Since the emperor is going through a bad patch at the moment, his News International slaves had better watch out. One bloodbath may not be enough for the old monster. They can expect to have to bend even more obsequiously to his commands over the coming months if their positions are to remain secure.
Imperial life was a nightmare for Romans. They needed all the self-defence mechanisms they could muster against its insecurities. The emperor Caligula, Seneca tells us, imprisoned the son of Pastor, a distinguished Roman, because of his foppish hairstyle. Pastor begged for his life, so Caligula immediately had the son executed, but invited Pastor to dinner the same day. Pastor turned up, old and gout-ridden as he was, and ate and drank as if nothing had happened, without signs of grief or remorse. ‘Why, you ask?’ Seneca goes on, and answers: habebat alterum — he had another son.
The Stoic philosopher Epictetus (once a slave) pointed out the humiliations involved: ‘If you wish to be consul, you must stay up all night, run back and forth, kiss hands, say and do many slavish things, send many people gifts and, to some, presents every day.’ Even so, he goes on, ‘the emperor might die; or what if he became your enemy?’ But Epictetus understood the lure of it all: ‘No one loves the emperor, but we do love riches, a tribunate, a praetorship, a consulship. When we love and hate and fear these things, those who dispense them must necessarily be our masters.’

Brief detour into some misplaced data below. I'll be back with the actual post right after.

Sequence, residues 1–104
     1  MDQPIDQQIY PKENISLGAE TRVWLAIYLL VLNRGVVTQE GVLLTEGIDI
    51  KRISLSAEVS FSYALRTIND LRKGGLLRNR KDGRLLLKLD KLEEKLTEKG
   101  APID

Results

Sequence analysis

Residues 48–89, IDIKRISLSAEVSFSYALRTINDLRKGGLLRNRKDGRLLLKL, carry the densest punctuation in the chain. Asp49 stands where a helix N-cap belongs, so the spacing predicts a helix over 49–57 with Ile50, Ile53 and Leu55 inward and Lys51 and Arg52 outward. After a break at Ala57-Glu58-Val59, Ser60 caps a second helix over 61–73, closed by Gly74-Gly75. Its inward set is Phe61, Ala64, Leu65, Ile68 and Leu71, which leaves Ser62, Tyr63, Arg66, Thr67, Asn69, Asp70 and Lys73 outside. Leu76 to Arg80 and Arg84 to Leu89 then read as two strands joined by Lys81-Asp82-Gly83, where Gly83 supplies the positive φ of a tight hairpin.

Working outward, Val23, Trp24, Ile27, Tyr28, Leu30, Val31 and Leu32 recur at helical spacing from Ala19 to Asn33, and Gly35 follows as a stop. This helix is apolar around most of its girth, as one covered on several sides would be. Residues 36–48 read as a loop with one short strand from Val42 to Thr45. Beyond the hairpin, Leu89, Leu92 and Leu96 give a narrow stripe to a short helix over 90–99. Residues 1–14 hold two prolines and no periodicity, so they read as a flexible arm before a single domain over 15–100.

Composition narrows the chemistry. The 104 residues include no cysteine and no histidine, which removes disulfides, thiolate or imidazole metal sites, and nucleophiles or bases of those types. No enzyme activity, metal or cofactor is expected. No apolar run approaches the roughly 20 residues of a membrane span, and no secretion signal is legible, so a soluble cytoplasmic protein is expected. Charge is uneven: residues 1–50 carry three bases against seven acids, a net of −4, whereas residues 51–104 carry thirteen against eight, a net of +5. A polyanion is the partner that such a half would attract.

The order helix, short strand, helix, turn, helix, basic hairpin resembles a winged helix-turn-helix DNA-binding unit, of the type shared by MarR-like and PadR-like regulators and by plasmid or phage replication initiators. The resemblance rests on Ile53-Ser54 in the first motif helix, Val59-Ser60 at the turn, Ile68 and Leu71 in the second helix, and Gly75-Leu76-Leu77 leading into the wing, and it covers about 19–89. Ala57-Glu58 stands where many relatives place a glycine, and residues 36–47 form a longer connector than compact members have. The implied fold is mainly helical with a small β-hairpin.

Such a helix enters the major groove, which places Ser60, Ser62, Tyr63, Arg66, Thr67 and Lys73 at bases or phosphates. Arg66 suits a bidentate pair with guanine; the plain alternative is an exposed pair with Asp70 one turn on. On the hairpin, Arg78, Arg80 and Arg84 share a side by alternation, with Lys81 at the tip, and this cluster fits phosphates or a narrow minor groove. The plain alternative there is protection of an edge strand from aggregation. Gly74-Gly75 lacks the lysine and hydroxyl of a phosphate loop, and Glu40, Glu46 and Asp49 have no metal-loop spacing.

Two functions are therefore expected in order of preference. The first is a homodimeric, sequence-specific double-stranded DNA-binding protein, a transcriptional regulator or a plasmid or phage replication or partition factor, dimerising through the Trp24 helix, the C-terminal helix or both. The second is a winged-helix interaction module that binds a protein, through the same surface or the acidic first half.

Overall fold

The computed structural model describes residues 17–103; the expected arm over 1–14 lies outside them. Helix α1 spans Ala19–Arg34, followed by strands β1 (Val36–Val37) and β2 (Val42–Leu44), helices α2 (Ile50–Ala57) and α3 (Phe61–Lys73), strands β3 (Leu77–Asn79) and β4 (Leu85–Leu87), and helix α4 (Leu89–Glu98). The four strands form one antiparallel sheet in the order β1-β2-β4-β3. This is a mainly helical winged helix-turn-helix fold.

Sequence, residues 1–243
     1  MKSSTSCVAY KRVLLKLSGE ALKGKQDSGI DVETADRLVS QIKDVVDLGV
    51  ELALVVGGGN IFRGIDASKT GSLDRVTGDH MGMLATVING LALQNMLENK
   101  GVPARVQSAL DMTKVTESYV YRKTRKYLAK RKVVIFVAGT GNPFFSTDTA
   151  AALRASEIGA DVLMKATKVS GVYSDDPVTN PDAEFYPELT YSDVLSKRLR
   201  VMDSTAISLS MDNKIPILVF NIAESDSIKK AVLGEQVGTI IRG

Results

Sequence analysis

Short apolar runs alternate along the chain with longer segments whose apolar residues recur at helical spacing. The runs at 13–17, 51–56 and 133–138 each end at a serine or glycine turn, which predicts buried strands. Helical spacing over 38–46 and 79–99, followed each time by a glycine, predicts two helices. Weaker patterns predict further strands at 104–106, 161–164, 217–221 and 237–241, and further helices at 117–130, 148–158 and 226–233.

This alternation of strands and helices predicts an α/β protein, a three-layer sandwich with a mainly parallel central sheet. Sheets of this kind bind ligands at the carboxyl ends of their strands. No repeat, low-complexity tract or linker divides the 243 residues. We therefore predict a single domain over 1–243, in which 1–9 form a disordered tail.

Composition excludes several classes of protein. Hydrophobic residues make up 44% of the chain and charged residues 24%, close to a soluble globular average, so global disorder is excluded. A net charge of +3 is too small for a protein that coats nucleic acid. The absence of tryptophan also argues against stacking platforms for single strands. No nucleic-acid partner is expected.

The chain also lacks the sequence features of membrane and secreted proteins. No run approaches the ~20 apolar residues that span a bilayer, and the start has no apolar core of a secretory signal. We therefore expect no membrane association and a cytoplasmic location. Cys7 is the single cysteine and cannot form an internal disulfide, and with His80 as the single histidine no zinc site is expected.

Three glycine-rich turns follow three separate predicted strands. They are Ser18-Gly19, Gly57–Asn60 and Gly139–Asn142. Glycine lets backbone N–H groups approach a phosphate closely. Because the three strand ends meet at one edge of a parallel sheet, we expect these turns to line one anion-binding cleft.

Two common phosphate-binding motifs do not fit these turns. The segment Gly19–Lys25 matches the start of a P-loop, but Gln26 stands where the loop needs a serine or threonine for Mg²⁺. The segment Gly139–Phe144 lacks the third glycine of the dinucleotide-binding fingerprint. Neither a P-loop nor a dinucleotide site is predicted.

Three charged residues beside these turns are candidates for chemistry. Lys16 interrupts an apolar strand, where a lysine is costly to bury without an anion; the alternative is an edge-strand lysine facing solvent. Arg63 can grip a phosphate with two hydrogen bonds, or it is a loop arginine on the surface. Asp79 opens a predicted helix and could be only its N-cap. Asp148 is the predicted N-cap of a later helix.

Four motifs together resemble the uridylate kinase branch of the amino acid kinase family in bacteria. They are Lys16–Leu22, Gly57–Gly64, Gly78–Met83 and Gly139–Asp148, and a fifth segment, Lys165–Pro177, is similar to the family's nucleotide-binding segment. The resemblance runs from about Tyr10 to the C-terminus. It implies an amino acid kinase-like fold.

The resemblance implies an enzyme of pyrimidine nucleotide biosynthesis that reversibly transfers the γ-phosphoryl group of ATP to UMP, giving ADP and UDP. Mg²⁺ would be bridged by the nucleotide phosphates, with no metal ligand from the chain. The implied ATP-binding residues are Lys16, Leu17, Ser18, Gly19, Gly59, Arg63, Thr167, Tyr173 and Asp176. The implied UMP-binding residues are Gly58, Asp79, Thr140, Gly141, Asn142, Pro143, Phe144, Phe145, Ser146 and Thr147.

An old courtier explained as follows how he had survived so long for one in his position: ‘By accepting insults and expressing gratitude for them’. So whatever his courtiers’ feelings about his recent behaviour, Murdoch can look forward to even more servile adulation from them than normal: they know which side their bread is buttered, and they want to keep it that way. Their careers are at risk. But for the actual staff of News International, of course, no sweat: the emperor will now shine his Sun on them on Sundays too. Which is precisely the problem gnawing away at those poor old MPs.